There were no crops to pick up that day.

Despite being in his early twenties, his hands were rough and scarred and his expression hard, almost inanimate as if having to drag his body along was a burden itself. Both his denim overalls and his hat were so worn out that there was no point in wearing them anymore. He stood there in front of everyone, without saying a word. He dared not look at any of his fellow villagers in the eye because that would mean facing the truth: there was no more hope left. It was just a matter of time.

Almost two weeks had passed since he had returned without any answers from the city, and not any city it was, but the city that had hosted the 2050 World Conference of Artificial Biodiversity. The plan had seemed outrageous at first. How could anyone have the guts to propose eliminating all non-human life and replace everything with artificial chemicals and gadgets? The world was appalled. But slowly shy voices here and there started to see light in this plan and as there seem to be no other alternatives, in less than two years every single country on the planet had signed the pact that would once and for all emancipate human kind from the arms of Mother Nature. “There is a time in every young adult’s life when, having gained sufficient knowledge about the world around him, he must step away from maternal care. It is our time as a human race to do that. We now possess the knowledge it takes to be independent and we must carry out this plan if we wish to continue to progress and live up to our potential.”

Under the burning sun, the memories of the endless glorious speeches that followed and the pouring rain of success stories that sprouted worldwide shortly after the implementation of the plan seemed like mirages before the villager’s eyes. The barren soil extended as far as their sight could reach. It had been deliberately sterilized so that no one could sabotage the Final Freedom Pact, as they had called it. Yet, in face of the crisis the villagers had decided to plant the only seeds that they had managed to hide in hopes that they would grow. Now, all they could do was sit and wait.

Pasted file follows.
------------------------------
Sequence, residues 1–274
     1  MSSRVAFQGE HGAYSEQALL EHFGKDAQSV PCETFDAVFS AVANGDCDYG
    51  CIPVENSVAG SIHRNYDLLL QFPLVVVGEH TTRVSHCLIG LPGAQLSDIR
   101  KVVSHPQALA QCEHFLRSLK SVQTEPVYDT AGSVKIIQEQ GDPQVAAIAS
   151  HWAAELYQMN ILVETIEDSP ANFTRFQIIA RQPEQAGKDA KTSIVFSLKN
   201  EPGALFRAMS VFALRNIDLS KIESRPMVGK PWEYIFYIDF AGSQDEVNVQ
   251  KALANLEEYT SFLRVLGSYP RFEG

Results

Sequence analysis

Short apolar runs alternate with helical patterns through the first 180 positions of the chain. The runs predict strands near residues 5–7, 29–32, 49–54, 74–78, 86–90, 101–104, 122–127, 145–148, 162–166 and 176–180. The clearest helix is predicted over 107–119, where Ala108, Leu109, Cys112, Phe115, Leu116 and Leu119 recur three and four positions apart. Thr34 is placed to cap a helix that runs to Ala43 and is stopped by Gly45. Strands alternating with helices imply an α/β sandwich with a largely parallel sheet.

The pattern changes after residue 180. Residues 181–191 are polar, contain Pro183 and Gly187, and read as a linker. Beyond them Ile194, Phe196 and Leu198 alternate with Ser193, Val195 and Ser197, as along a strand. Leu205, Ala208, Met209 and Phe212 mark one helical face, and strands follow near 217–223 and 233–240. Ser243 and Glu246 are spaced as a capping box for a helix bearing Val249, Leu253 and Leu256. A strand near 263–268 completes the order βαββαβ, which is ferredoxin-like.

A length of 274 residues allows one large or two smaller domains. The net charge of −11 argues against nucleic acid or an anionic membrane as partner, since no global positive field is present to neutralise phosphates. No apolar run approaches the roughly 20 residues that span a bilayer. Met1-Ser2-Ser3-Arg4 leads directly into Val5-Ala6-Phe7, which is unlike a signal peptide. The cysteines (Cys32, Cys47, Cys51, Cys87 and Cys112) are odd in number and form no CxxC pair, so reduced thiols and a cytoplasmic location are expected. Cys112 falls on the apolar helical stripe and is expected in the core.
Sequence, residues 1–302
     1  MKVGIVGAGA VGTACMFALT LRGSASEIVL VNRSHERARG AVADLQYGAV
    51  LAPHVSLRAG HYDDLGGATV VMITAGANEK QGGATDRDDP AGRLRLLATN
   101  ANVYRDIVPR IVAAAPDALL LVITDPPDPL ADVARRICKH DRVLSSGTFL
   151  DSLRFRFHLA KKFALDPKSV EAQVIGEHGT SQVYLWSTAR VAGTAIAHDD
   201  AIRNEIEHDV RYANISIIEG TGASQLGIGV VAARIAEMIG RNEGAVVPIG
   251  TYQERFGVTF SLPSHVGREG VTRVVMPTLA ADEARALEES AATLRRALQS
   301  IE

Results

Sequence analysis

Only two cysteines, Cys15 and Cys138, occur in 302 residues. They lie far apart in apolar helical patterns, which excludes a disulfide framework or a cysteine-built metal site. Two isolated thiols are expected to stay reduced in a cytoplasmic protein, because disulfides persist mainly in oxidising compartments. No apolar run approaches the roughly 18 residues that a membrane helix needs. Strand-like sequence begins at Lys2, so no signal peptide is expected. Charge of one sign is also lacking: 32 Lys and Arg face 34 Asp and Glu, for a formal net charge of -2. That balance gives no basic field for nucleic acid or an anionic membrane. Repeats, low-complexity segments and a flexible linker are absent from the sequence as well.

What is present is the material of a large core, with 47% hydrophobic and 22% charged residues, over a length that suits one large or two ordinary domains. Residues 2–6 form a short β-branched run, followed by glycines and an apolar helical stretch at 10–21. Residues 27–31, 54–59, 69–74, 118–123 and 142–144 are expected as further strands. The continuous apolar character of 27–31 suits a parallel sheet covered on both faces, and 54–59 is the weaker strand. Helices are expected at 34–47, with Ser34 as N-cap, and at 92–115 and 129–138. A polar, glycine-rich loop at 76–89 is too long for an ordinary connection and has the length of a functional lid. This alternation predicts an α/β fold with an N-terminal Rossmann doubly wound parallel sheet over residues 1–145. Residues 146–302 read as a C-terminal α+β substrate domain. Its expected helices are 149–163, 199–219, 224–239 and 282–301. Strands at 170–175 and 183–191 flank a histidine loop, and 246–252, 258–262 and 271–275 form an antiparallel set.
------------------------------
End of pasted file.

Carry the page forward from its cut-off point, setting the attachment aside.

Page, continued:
Five years, that’s all it lasted. Life had been perfect. All the problems that humanity had faced for centuries were eradicated in no time. Hunger, poverty, war, the list of words that fell out of use grew steadily as the new stages of the plan were carried out. All the initial concerns about the plan were readily dissipated. In fact, it almost seemed ridiculous that humanity had been so concerned about environmental issues, when all along the solution was to eliminate the environment altogether.

But one day a strange disease struck. It was a kind of rash that appeared and quickly spread throughout the body. Fever and strong headaches preceded intense vomit cycles that eventually drove the patient to death. Everywhere people got sick, newborn babies, old men, healthy women, all contracted the deadly and untreatably disease. But what was more concerning was not that there was no cure, but that all the evidence pointed to the same source of this mystery disease, the universal pills that were now being produced instead of food.

How long? “How long” seemed to be the question in everyone’s mind. How long until we find a cure? How long until we all get poisoned by the pseudo food? How long until these last seeds grow, if they grow?

As the sun descended the villagers stood up and walked sluggishly back to their houses with their heads down. Their silence weighed heavily.

The next day, they returned to the fields like they had done for weeks now.

There were no crops to pick up that day. There were no crops because there were no growing seeds. There was no food to eat that day, or the day after.

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Erika is in her first year at UBC and she intends to major in biotechnology. Because she is a helpless daydreamer she often transforms real events or even lectures into stories (don\'t ask how a science class turns into a story, it just happens). This particular piece is based on a comment made by Dr. Shiva when she was here at UBC.